A more promising application is the Clang Static Analyzer tool, available at Like any static analysis tool, the clang analyzer has its share of false positives, but it can be quite useful for pointing out uninitialized values, memory leaks, and other flaws. To use this tool on iPhone projects, you’ll need to do the following:

  1. Open your project in Xcode. Go to Project | Edit Project Settings.

  2. Go to Build. Change “Configuration” to “Debug.”

  3. Change the Base SDK to “Simulator” of the appropriate OS version. “Valid Architectures” should change to “i386.”

  4. Go to Configurations and change the default for command-line builds to be “Debug.”

  5. In a terminal, cd to the project’s directory and run scan-build–view xcodebuild.

  6. When the build completes, a browser window will be opened to a local web server to view results.

Consult the clang documentation for more details on interpreting the results. Of course, you should not assume that the use of a static analysis tool will find all or even most of the security or reliability flaws in an application; therefore, you should consider developing fuzzers for your program’s various inputs.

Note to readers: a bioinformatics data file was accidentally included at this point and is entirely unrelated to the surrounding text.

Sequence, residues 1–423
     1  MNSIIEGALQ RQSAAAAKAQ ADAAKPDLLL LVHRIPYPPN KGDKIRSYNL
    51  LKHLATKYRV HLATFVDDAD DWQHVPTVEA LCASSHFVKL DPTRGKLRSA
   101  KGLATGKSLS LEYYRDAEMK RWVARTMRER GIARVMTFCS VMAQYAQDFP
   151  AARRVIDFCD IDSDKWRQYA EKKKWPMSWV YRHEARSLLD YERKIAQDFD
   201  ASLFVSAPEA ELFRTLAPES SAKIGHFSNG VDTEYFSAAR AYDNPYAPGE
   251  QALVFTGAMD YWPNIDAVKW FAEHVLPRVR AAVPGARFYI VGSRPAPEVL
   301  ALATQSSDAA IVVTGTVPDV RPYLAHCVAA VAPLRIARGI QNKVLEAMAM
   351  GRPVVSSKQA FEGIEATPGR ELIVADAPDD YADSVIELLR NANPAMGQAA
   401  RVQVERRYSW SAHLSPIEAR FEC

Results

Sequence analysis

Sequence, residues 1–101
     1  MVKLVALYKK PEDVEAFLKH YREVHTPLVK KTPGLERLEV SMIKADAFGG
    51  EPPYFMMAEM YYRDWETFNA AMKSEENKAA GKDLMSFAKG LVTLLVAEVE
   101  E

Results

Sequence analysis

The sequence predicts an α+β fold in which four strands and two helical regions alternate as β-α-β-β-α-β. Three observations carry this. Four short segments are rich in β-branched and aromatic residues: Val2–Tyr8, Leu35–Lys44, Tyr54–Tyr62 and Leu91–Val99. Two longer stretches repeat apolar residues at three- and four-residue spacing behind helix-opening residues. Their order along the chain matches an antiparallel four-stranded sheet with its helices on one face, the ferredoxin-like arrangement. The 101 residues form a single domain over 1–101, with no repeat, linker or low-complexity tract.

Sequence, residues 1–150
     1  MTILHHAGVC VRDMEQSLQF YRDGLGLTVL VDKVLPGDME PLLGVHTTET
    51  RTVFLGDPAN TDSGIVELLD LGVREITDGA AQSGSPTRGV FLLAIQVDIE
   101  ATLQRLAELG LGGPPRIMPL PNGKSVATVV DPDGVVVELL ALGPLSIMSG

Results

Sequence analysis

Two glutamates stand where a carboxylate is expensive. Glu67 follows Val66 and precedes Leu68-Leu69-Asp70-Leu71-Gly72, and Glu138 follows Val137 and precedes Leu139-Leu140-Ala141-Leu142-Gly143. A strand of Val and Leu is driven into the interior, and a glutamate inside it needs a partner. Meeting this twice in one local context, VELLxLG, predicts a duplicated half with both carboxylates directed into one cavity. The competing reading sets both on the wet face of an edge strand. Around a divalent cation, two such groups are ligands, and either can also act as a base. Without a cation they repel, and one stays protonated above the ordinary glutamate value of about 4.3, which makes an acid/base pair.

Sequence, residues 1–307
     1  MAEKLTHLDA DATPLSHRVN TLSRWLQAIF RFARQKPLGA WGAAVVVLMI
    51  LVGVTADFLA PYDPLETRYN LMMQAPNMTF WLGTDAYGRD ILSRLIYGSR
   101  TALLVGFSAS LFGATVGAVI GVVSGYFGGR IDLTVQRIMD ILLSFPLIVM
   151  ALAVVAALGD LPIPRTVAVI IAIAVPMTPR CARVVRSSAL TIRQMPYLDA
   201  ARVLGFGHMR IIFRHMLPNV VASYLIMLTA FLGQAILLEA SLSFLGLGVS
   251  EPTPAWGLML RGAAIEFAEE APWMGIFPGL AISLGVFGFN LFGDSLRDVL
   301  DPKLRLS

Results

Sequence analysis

The role of a fuzzer is to expose faults through violating program assumptions. For instance, given an application that parses an HTTP response and populates a buffer with its contents, over-long data or format strings can cause the program to fail in a potentially exploitable fashion. Similarly, integers retrieved via external sources could fail to account for negative numbers, thus leading to unexpected effects. You can craft fuzzers in the form of fake servers, fake clients, or programs that generate many test cases to be parsed by an application. For more information on fuzzers, see

  •  Mobile Application Security: The Apple iPhone - Development
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  •  Building Android Apps : Build KiloGap
  •  Building Android Apps: Create an Android Virtual Device
  •  Building Android Apps: Going Native - Setting Up the Environment
  •  Building Android Apps: Introduction to PhoneGap
  •  iPhone Application Development : How Xcode and Interface Builder Implement MVC
  •  iPhone Application Development : Understanding the Model-View-Controller Paradigm
  •  Building Android Apps: Going Offline - Debugging
  •  Building Android Apps: Creating a Dynamic Manifest File